Saturday, August 27, 2005

10 Years After

Thanks to Slashdot Review I was reminded that August 24th was the Ten Year Anniversary of the release of Windows 95.

(Or, as those of us who are old enough to remember Redmond's previous iterations the minimally acceptable version. That being mostly due to the fact that, having one the appeal in the Apple Look-and-Feel lawsuit, the boys up in WA pretty much made the thing a clone of the Macintosh UI.)

And so, Redmond's seemingly unstoppable march into the Homes, Offices and pockets of the entire world jumped to light-speed.

It does little good to argue the superiority of OS/2. Redmond had pulled out of the deal and IBM was, at best ambivalent. By the time the Y2K issue came to a head 5 years later, only a few were tardy enough in the transition to require hunkering down with their well-proven OS/2 environments and, having weathered the storm, finally convert to the latest Mr. Bill had to offer. (To this day, I can't swear that every customer site at my day-job has transitioned every machine.)

Ten Years.

This is a HUGE number in the dog-years we use to measure technological devices.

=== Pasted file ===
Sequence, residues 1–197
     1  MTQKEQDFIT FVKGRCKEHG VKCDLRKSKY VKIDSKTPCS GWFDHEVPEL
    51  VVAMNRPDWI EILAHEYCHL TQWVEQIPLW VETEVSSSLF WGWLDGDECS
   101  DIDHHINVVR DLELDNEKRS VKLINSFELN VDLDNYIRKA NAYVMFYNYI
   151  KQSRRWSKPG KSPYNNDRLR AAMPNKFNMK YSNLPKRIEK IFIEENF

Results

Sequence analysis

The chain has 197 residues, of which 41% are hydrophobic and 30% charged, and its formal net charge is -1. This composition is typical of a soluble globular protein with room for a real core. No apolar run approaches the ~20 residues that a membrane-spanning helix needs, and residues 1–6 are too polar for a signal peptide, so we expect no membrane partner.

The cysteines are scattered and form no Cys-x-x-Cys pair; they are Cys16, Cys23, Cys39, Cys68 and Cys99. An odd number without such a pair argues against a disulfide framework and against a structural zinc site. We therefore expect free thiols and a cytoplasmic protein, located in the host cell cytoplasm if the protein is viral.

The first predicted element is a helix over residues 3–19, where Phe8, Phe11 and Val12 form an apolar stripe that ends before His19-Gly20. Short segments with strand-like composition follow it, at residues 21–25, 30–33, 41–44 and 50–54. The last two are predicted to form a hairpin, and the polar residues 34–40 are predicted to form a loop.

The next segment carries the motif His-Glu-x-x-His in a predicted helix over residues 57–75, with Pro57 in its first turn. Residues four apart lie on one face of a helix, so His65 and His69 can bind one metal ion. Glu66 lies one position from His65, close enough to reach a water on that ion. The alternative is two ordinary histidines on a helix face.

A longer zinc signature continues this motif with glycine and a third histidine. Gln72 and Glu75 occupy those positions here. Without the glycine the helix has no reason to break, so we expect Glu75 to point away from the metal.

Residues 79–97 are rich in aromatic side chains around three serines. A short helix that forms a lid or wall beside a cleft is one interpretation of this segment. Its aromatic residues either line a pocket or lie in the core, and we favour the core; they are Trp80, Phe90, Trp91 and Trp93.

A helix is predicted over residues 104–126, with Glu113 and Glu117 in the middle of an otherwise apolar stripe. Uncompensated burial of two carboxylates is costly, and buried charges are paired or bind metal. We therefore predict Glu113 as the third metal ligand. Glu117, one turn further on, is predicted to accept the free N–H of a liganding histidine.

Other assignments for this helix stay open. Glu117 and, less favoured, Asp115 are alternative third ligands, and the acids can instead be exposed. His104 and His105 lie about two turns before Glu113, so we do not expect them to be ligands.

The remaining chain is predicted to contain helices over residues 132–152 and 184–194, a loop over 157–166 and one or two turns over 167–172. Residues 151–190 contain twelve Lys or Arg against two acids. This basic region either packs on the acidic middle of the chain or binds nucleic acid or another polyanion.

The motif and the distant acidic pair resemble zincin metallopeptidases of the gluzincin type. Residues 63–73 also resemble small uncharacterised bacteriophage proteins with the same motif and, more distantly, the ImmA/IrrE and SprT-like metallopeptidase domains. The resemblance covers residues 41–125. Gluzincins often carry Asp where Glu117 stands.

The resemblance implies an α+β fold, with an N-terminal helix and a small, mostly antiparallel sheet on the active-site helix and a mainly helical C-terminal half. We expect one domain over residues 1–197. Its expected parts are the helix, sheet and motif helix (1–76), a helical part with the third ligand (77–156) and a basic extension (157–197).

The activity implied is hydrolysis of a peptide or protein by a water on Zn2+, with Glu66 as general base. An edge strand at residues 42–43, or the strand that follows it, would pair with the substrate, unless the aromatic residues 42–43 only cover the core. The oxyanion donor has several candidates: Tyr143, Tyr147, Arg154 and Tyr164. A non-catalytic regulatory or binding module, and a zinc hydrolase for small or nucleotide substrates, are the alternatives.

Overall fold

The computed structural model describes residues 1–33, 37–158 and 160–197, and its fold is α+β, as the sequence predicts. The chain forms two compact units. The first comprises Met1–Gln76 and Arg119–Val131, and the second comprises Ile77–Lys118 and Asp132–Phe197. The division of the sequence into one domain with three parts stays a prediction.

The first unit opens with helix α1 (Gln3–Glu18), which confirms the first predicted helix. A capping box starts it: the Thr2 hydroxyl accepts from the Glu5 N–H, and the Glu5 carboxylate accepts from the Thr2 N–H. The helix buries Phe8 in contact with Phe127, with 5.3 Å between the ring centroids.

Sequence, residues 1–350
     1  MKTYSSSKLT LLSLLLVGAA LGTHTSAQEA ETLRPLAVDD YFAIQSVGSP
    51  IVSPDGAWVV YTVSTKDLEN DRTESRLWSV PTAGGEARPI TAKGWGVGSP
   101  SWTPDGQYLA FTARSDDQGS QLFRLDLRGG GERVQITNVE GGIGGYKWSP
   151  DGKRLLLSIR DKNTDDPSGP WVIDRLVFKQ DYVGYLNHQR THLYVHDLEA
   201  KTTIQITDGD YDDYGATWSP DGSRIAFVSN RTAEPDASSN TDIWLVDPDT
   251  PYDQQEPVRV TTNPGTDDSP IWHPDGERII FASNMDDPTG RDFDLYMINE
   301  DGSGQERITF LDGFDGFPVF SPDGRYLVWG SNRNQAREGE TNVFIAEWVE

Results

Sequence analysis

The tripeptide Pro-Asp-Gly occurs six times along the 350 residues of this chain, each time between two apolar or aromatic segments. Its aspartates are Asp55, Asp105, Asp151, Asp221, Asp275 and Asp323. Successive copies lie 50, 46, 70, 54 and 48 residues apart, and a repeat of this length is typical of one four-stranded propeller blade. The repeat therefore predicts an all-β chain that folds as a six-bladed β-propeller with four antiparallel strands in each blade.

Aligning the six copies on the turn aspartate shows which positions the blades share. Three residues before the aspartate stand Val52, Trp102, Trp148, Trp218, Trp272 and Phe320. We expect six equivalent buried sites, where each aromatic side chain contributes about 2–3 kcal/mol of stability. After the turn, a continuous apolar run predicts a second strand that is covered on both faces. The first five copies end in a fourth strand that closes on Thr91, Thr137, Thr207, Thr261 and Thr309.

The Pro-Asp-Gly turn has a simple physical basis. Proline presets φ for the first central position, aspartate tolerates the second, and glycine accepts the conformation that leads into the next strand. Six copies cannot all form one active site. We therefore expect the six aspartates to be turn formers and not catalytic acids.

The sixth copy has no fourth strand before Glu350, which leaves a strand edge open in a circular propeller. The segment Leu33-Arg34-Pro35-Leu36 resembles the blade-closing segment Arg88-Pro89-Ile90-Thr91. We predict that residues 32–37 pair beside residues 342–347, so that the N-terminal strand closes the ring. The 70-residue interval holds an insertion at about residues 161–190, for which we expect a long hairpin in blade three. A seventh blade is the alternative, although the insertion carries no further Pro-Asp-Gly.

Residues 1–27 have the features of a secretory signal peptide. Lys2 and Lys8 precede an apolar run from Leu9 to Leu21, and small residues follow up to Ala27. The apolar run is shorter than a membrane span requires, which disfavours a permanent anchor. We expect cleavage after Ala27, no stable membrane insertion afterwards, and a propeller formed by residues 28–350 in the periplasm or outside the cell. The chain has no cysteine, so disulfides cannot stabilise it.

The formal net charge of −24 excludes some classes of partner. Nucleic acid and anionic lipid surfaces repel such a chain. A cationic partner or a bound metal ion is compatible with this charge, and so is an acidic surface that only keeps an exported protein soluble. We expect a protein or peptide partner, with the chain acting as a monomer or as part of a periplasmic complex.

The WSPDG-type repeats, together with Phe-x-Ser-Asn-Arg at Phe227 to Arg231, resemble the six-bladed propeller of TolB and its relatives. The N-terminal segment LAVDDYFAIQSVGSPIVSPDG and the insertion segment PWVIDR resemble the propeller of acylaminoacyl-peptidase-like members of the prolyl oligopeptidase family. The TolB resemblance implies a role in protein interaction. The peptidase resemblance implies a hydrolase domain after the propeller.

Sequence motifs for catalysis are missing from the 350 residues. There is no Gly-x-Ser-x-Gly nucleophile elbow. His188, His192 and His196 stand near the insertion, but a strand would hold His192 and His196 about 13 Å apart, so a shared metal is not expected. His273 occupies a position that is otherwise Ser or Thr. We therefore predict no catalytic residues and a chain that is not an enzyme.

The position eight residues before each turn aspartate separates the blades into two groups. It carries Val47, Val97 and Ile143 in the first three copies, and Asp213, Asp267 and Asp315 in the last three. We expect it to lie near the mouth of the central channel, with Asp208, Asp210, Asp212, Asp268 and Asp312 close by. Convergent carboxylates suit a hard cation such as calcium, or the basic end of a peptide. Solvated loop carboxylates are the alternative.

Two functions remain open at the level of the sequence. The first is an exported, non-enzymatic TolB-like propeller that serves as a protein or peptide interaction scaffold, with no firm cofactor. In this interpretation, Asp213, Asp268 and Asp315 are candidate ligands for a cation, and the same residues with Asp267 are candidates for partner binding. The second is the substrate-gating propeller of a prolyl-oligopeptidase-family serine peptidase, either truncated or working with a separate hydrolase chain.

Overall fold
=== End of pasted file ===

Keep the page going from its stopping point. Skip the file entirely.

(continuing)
Consider just how far we have come.

A quick Google (IBaNAaV) of "windows95 minimum" yields this info. on the second hit:
(Lord only knows WHY the U of IN thinks they still need this on their website...)

The minimum hardware requirements for Microsoft Windows 95 are:

* A personal computer with a 386DX, 20MHz or higher processor

* 4MB of memory (8MB recommended)

* At least 70MB of available hard disk space for installation

* One 3.5" high-density disk drive or a CD-ROM drive

* VGA or higher resolution graphics card

Think about that for a moment. How far we have come.

The PalmPilot I purchased the next year reminded me of my original Macintosh, both in user experience, capabilities and just plain fun.

And now, Dell Axim x50v in my pocket (well, to be technical, on my belt) blows the doors off that original Windows machine, many times over. And runs a superior version of the operating system, more akin to XP than 95.

Ain't this a GREAT time to be a Geek on the Go? ;-)


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